Faculty in the Neag School of Education are frequent authors of articles, chapters, and books sharing their expertise, with publications as varied as their research specialties. In an effort to further share this information, here are highlights from a selection of three recent books published this past fall by Neag School faculty members.
Evaluating Literacy Instruction: Principles and Promising Practices
Rachael E. Gabriel, assistant professor of reading education in the Department of Curriculum and Instruction, along with Richard L. Allington, a professor of education and literacy studies program at the University of Tennessee, co-wrote Evaluating Literacy Instruction: Principles and Promising Practices (Taylor & Francis, 2015).
According to the publisher, the book, which illuminates the intersection of research on literacy instruction and teacher evaluation, is a “must read” for all literacy educators. Since 2009, 46 states have changed or revised policies related to evaluating teachers and school leaders. In order for these new policies to be used to support and develop effective literacy instruction, resources are needed that connect the best of what is known about teaching literacy with current evaluation policies and support practices. A major contribution to meeting this need, this volume brings together a range of perspectives on tools, systems, and policies for the evaluation of teaching.
Gabriel and Allington gather insights from expert scholars in the field who “emphasize the need for literacy professionals to do more than merely apply generic observation instruments for teacher evaluation,” and to “consider how these tools reflect professional values, how elements of effective literacy instruction can be unearthed or included within them, and how teacher evaluation systems and policies can be used to increase students’ opportunities to develop literacy.”
Censorship and Student Communication in Online and Offline Settings
Preston C. Green III, the John and Carla Klein Professor of Urban Education and professor of educational leadership and law at UConn, along with Joseph O. Oluwole, is a professor of education law at Montclar State University, co-wrote Censorship and Student Communication in Online and Offline Settings (IGI Global, 2015).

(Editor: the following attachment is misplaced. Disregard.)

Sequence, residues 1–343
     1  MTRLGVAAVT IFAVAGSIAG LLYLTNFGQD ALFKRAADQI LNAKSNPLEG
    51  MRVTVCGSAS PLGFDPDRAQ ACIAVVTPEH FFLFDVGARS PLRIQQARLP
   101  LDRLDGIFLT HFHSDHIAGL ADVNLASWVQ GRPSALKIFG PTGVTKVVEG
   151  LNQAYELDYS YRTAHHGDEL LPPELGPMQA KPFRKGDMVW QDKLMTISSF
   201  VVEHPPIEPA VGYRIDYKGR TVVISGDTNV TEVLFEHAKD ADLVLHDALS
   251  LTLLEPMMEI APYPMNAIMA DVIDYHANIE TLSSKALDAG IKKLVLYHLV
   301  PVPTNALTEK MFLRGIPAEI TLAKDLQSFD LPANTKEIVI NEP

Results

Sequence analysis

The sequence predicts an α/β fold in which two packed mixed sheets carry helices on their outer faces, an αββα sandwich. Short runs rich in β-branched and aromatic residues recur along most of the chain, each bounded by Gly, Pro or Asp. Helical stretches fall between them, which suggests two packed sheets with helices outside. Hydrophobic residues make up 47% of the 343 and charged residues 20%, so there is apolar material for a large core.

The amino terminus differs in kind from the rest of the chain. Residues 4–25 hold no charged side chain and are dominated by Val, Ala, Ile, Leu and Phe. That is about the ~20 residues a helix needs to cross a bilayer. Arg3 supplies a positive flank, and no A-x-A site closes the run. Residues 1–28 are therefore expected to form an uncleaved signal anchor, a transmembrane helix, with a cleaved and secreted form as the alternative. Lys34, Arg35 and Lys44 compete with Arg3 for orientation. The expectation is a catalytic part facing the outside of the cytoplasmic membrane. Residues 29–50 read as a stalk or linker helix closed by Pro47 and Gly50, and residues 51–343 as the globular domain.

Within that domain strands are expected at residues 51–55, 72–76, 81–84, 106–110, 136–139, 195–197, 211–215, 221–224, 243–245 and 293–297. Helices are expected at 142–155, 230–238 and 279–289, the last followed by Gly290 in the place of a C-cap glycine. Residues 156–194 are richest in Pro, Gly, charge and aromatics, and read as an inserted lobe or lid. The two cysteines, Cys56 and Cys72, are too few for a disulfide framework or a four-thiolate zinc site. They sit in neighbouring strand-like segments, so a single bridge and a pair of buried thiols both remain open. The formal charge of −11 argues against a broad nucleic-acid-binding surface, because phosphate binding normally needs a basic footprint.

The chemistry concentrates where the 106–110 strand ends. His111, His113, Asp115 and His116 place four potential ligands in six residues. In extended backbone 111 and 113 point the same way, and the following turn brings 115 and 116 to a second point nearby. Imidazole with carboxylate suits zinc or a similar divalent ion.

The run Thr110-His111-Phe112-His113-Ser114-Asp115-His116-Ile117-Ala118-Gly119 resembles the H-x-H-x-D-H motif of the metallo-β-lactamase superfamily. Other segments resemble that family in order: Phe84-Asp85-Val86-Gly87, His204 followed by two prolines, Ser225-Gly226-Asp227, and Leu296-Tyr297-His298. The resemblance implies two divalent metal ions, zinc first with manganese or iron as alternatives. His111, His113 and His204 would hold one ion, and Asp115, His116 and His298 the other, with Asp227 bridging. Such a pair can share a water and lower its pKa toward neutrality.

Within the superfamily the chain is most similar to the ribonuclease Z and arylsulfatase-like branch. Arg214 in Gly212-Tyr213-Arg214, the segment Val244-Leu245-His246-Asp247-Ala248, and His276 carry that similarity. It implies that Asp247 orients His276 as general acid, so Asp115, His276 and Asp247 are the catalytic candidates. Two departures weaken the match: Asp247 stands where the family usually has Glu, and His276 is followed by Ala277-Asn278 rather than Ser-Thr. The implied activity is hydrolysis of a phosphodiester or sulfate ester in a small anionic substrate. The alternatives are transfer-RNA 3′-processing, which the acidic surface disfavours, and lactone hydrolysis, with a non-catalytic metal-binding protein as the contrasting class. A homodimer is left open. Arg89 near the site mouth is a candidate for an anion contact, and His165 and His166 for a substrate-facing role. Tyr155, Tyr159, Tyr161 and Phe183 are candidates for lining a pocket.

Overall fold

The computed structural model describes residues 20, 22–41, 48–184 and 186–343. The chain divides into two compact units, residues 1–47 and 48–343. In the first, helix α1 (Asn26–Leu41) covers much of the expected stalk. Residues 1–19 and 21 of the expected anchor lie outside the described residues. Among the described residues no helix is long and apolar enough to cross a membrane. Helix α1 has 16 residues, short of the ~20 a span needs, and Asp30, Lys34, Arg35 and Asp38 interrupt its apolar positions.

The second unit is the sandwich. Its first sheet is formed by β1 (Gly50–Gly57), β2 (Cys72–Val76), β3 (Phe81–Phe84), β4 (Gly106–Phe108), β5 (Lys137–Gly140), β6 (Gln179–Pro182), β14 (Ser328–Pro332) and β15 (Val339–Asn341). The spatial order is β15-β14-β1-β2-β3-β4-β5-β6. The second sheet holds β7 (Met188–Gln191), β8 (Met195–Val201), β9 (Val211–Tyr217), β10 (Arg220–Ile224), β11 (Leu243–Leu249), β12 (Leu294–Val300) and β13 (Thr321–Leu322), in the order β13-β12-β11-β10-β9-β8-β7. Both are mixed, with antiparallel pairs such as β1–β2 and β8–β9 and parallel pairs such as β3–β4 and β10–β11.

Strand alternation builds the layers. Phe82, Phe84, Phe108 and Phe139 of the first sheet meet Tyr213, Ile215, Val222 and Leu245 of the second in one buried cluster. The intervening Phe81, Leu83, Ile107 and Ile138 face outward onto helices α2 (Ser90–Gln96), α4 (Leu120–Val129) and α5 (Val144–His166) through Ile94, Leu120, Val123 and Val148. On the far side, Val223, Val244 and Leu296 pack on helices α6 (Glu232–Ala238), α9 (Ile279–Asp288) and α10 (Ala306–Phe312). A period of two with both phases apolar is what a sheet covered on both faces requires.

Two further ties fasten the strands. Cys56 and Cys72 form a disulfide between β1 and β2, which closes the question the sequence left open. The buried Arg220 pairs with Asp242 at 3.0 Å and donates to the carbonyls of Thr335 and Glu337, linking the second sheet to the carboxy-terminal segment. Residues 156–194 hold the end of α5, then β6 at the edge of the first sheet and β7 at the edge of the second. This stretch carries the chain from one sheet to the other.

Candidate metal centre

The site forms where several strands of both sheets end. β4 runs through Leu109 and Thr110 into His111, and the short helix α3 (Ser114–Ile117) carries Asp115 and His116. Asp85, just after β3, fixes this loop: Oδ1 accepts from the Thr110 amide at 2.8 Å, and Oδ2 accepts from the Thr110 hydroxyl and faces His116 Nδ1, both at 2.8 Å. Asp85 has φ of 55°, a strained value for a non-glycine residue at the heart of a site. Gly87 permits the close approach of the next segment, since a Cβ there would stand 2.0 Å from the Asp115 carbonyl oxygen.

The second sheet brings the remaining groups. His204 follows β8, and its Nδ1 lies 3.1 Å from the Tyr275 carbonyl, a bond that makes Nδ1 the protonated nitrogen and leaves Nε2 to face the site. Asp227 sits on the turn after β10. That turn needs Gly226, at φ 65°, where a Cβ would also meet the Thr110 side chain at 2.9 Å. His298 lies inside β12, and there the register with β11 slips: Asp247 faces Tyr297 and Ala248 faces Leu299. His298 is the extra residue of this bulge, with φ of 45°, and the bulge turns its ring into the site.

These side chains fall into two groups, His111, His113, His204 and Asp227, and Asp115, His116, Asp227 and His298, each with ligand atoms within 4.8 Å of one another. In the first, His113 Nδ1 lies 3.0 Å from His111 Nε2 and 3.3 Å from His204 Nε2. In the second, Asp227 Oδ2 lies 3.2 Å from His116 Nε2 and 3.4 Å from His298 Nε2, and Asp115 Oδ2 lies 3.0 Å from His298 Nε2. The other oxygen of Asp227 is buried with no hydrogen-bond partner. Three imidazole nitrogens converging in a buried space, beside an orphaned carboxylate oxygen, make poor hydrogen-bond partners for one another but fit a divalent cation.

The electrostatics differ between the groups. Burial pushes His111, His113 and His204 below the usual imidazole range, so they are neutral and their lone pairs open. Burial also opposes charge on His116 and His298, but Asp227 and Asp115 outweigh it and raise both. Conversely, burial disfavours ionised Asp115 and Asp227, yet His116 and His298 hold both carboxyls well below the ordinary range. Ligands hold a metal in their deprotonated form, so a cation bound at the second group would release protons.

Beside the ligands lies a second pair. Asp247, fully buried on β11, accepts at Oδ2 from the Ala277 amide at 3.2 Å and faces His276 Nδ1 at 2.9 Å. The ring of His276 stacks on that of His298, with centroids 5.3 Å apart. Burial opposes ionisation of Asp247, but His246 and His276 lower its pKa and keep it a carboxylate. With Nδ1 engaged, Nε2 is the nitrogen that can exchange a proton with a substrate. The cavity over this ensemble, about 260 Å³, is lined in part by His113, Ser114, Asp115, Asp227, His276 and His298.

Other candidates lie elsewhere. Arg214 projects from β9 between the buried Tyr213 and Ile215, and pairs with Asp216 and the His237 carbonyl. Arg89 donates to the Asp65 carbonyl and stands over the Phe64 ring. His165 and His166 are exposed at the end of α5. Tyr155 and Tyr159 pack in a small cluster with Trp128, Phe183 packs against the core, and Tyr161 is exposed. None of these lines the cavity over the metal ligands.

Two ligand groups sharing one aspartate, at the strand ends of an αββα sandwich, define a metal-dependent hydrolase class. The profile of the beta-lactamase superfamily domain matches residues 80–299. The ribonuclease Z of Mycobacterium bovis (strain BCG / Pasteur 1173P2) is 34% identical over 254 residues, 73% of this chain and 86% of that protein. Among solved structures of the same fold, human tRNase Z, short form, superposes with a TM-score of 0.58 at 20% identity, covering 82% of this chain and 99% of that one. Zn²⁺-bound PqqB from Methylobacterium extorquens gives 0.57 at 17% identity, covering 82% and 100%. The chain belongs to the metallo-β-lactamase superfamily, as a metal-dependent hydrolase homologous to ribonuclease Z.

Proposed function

While freedom of speech is a defining characteristic of the United States, the First Amendment right is often regulated within certain environments. For years, schools have attempted to monitor and regulate student communication both within the educational environment and in student use of social media and other online communication tools.
According to the publisher, Censorship and Student Communication in Online and Offline Settings is a comprehensive reference source that addresses the issues surrounding students’ right to free speech in on- and off-campus settings. Featuring relevant coverage on the implications of digital media as well as constitutional and legal considerations, this publication serves as a resource for school administrators, educators, students, and policymakers interested in uncovering the reasons behind student censorship and the challenges associated with the regulation of students’ free speech.
Reflections on Gifted Education: Critical Works by Joseph S. Renzulli and Colleagues
In Reflections on Gifted Education: Critical Works by Joseph S. Renzulli and Colleagues (Prufrock Press, 2015), edited by his research partner, wife, and UConn’s vice provost for academic affairs, Sally Reis, more than 40 years of research and development are highlighted in a collection of articles written and published by Renzulli and his colleagues.
As recognized by the publisher, Renzulli’s work has had an impact on gifted education and enrichment pedagogy across the globe, based on the general theme of the need to apply more flexible approaches to identifying and developing giftedness and talents in young people.
This collection of articles and chapters has strong foundational research support focusing on practical applications that teachers can use to create and differentiate learning and enrichment experiences for high-potential and gifted and talented students.
Renzilli’s work has “transformed the field of giftedness and has been more influential by far than the work of anyone else in the field,” says Robert J. Sternberg, professor of human development at Cornell University. “This book will be required reading for anyone interested in the best the field has to offer.”